This geostrategic benefit of Bangladesh encourages China to be very flexible and friendly on the economic and strategic interests of Bangladesh.
This Chinese stance raises its counterpart India's eyebrows since there is now a constructed notion among Indian political experts that Bangladesh may allow the PRC to use these ports for military aircraft.
Bangladesh is a vibrant market for China as well as India and in geographical perspective whoever seizes her big market in attractive fashion will have greater influence in the region. China and India are now investing huge money into Bangladesh.
However, when trade issue rises Bangladesh shows more resentment to India than to China. The website of Bangladesh's Embassy in China shows that with China, the export of Bangladesh reached almost USD 1 billion in 2014, while at the same period her import was over USD 7 billion.
Conversely, according to The Economic Times, Bilateral trade between India and Bangladesh stood at USD 6.6 billion in 2013-14 with Bangladesh's imports from India at USD 6.1 billion and exports of Bangladesh at USD 462 million .
In the OBOR initiative of China, Bangladesh has been an official part in 2016 of one of its six economic corridors. Through this project, Bangladesh can be an integrating corridor between semi-industrialized ASEAN states and the sub-continent.
Sadly, though Bangladesh and India have strong cultural attachment, same colonial history and political beliefs, civilizational links, and economic ties, and though India was the key ally during Bangladesh Liberation War in 1971, controversies between them presently rise in several issues where India tend to treat Bangladesh unfairly and obnoxiously.
Hence, Considering the India's big brotherly posture, the present Bangladesh government has played its trump card in right time through giving vast space to China economically and strategically.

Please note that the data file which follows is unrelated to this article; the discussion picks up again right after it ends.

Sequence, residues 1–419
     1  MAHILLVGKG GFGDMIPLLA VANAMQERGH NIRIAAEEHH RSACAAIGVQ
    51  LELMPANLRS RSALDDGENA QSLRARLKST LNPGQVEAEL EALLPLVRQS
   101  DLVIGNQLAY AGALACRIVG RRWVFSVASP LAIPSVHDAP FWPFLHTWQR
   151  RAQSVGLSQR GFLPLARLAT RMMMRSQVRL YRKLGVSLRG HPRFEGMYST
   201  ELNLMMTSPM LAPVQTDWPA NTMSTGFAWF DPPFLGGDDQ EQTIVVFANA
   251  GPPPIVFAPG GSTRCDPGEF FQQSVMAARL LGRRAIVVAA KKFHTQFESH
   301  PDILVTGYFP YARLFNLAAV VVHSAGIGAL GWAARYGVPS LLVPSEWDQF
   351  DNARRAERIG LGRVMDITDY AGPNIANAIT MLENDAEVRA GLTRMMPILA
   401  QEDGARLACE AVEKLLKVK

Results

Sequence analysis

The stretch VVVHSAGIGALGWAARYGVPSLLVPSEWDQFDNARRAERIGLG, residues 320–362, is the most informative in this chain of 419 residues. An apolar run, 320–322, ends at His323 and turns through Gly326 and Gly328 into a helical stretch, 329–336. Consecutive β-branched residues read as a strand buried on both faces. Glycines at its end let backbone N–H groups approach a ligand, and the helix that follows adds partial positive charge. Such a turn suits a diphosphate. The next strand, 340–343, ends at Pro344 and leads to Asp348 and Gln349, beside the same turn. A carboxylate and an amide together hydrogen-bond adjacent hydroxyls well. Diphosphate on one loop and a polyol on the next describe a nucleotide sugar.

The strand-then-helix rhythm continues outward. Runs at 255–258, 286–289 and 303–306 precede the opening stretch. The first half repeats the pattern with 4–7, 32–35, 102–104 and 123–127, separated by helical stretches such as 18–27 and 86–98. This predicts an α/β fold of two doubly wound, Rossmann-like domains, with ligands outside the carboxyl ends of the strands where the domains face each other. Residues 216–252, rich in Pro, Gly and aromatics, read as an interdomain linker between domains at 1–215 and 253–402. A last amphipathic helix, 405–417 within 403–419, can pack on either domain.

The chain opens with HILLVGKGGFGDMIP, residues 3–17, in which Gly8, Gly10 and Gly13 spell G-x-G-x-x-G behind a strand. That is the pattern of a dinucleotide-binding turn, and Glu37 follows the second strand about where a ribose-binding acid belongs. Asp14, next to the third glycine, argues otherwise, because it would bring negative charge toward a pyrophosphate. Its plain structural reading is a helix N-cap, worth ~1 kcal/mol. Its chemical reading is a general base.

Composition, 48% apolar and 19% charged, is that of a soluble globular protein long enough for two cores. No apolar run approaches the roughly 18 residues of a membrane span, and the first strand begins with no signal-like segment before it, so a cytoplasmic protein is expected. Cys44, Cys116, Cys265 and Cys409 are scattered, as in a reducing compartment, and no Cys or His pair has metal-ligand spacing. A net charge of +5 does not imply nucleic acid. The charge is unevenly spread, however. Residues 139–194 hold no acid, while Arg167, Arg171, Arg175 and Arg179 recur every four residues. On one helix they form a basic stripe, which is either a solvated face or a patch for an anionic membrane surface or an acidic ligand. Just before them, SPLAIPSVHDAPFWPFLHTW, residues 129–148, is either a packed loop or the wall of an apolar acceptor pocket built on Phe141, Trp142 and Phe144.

In this aspect, it seems that Bangladesh has shifted its honeymoon period of relations from India towards China. For this reason, India's behavior should be friendlier to Bangladesh to preserve its good profile in the country.
Professor Mearsheimer opines in his most-celebrated book, The Tragedy of Great Power Politics, "Great powers, I argue, are always searching for opportunities to gain power over their rivals, with hegemony as their final goal."
Accordingly, China has initiated its so-called agenda string of pearls to balance and counter India's necklace of friends. Bangladesh country seems in gaining the position of Sino-Indo rivalry which is now considered the "Great Game between Great Powers".
The present Prime Minister Sheikh Hasina has already augmented the country's bargaining power through her dynamic leadership in securing the ultimate position and prestige of the country to the powerful states. The capital of the bargaining power of a small state definitely keeps it a crucial player in regional politics. Bangladesh is not out of this status.
These fruits of Bangladesh from the Geo-strategic perspective with her two counterparts in India and China nicely compensate her drawbacks such as small sea frontage, tiny size of territory, climatic vulnerabilities and huge population.
To sustain the bargaining capability of the state for its prosperity, the cultivation of BD's Geo- strategies have to be directed pragmatically and swimmingly so as none of them show much resentment.
Shuva Das is an undergraduate student of International Relations at Bangabandhu Sheikh Mujibur Rahman Science & Technology University.